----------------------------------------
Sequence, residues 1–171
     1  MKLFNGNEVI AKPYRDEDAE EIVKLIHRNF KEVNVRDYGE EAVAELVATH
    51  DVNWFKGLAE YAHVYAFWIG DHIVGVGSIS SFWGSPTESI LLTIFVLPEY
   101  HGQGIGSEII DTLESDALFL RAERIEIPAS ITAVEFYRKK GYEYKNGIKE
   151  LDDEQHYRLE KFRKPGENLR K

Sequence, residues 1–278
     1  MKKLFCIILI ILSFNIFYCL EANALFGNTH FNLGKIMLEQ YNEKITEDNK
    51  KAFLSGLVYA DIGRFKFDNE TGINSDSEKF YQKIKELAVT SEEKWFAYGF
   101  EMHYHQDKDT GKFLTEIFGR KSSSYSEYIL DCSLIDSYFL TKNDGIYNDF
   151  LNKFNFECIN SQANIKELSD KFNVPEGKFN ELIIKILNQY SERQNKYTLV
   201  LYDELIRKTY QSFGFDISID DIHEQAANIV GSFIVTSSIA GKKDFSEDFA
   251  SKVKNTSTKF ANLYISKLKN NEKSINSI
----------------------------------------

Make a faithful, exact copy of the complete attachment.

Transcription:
Sequence, residues 1–171
     1  MKLFNGNEVI AKPYRDEDAE EIVKLIHRNF KEVNVRDYGE EAVAELVATH
    51  DVNWFKGLAE YAHVYAFWIG DHIVGVGSIS SFWGSPTESI LLTIFVLPEY
   101  HGQGIGSEII DTLESDALFL RAERIEIPAS ITAVEFYRKK GYEYKNGIKE
   151  LDDEQHYRLE KFRKPGENLR K

Sequence, residues 1–278
     1  MKKLFCIILI ILSFNIFYCL EANALFGNTH FNLGKIMLEQ YNEKITEDNK
    51  KAFLSGLVYA DIGRFKFDNE TGINSDSEKF YQKIKELAVT SEEKWFAYGF
   101  EMHYHQDKDT GKFLTEIFGR KSSSYSEYIL DCSLIDSYFL TKNDGIYNDF
   151  LNKFNFECIN SQANIKELSD KFNVPEGKFN ELIIKILNQY SERQNKYTLV
   201  LYDELIRKTY QSFGFDISID DIHEQAANIV GSFIVTSSIA GKKDFSEDFA
   251  SKVKNTSTKF ANLYISKLKN NEKSINSI